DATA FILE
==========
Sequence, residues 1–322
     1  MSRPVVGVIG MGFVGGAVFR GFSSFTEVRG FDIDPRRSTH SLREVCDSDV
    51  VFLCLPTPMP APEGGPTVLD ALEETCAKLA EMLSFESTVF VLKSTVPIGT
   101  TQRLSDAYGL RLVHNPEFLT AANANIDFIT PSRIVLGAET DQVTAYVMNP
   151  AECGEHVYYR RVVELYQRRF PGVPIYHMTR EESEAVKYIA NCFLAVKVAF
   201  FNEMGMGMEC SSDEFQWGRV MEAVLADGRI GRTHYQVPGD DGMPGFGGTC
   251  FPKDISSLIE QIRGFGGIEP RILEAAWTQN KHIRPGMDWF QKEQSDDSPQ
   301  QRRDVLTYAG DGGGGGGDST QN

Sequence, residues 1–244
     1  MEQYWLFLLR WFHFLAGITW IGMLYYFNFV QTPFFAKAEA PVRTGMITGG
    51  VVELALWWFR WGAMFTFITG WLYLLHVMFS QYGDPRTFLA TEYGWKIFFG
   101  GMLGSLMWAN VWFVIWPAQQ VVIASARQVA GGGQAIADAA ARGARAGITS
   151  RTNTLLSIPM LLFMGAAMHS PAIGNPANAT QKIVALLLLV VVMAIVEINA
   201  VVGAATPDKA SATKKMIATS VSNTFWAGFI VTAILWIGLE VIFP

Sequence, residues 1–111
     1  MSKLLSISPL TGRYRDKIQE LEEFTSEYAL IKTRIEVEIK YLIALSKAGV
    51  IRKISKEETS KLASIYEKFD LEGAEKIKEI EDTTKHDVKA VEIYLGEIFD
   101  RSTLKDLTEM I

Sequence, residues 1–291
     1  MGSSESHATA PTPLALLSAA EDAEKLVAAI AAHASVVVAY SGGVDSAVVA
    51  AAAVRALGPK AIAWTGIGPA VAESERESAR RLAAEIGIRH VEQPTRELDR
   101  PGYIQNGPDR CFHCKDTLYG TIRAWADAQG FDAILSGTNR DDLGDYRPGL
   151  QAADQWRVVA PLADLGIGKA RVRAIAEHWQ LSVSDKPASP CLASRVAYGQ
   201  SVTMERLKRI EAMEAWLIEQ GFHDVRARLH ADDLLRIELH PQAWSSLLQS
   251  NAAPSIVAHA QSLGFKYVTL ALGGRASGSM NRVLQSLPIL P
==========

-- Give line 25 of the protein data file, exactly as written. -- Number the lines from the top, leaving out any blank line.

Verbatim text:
   251  NAAPSIVAHA QSLGFKYVTL ALGGRASGSM NRVLQSLPIL P